For most countries, economic crisis has been accompanied by a food crisis, as prices of rice, wheat, corn and other basics soared in 2008, fueled by both unusual weather and opportunistic speculators. This led to widespread protests and unrest in countries like the Philippines, which still imports up to 10 percent of its rice, the country's most important source of calories (it is the most import-dependent of the rice-consuming nations).

Meanwhile, the spread of global assembly lines and trade, heavily dependent on fossil fuels, deepened the climate crisis. The Philippines sits on key lists of the 10 countries most vulnerable to climate change, as the majority of rice and other foodstuff are grown on land that is barely above sea level.

In the middle of such global suffering and continuing vulnerability, what better time to rethink the overall economic and agricultural path? We asked this of a group of Philippine Congress members, led by Rep. Erin Tanada and Rep. Walden Bello. Coming from various political parties, most harbored hopes that global markets would simply pick up again and the Philippines could continue to live off the largess of other countries. But every Congressperson with whom we met in these hallowed halls has been spooked by the food crisis, and we found a refreshing openness to new ideas.

The good news, as we told these members of Congress, is that alternative economic models more rooted in small businesses and small farms are spreading around the world. In the United States, the local farm movement has expanded rapidly; for the first time in decades, the number of U.S. farmers has stopped shrinking. From local farmers markets to the spread of worker-owned cooperatives, creative people are building communities based on rooted economic activity, less inequality, more ecological health, and involving people more directly in the decisions that affect their lives.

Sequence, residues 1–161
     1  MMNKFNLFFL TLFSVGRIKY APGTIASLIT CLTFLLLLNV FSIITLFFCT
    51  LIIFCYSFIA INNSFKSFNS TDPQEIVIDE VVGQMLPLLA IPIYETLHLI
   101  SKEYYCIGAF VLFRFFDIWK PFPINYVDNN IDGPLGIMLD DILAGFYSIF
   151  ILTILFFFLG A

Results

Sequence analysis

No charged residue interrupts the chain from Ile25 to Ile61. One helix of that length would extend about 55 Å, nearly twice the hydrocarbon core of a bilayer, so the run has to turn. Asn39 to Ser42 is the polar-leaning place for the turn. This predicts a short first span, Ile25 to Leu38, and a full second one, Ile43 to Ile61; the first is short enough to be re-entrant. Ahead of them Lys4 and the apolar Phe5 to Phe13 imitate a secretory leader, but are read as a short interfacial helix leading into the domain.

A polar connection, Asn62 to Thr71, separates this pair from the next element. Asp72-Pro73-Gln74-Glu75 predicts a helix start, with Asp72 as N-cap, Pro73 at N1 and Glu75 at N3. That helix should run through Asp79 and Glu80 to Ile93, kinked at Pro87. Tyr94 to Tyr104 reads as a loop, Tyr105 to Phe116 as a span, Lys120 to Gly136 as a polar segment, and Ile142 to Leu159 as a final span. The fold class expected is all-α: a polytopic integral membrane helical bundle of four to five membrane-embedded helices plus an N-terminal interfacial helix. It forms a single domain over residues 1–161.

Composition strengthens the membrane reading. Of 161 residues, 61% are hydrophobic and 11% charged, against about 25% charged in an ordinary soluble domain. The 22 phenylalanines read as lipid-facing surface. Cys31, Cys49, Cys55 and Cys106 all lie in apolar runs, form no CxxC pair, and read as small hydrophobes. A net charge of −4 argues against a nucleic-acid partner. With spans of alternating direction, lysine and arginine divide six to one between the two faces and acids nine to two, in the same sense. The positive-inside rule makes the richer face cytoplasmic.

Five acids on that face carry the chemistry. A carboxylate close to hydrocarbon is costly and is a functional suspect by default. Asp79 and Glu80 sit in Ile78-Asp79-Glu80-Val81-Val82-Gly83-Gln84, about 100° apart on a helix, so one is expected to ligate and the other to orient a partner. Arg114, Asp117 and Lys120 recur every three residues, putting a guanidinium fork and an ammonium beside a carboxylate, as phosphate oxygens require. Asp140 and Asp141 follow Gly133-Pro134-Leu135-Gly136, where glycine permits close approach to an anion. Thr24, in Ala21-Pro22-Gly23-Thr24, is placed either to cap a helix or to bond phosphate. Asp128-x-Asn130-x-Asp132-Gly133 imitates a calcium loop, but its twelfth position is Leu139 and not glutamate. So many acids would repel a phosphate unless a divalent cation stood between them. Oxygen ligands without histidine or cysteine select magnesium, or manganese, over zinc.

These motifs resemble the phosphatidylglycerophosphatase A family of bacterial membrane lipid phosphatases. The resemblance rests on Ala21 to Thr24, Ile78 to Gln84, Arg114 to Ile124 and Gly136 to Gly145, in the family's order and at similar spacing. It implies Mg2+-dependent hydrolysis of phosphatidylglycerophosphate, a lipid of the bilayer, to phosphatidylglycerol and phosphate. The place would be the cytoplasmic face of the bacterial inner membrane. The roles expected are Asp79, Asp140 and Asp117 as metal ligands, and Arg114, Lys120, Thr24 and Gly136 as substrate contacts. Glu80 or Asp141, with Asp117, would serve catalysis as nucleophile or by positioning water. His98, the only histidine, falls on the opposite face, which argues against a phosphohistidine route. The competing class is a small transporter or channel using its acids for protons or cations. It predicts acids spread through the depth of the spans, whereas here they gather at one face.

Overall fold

We found this also in the Philippine countryside, where we spent time with dozens of farmers. We discovered a growing number who had shifted from so-called “high-yielding” varieties of rice heavily dependent on imported and toxic chemical fertilizers and pesticides to local seeds grown organically and kept healthy by a variety of homemade “concoctions” to control pests and weeds (more on this in our next blog).

Back to the India conference of 2009. The participant ended his report: The global economic crisis “is a blow, but we’ll still grow at 6 percent and we’ll catch you [in the U.S.] even sooner in the global economy than we would have otherwise. Hope you learn something from this.”


John Cavanagh and Robin Broad wrote this article for YES! Magazine, a national, nonprofit media organization that fuses powerful ideas with practical actions. Robin is a Professor of International Development atAmerican University in Washington, D.C. and has worked as an international economist in the U.S. Treasury Department and the U.S. Congress. John is on leave from directing the Institute for Policy Studies, and is co-chair (with David Korten) of the New Economy Working Group. They are co-authors of three books on the global economy, and are currently traveling the country and the world to write a book entitled Local Dreams: Finding Rootedness in the Age of Vulnerability.

Page 1 • 2 Next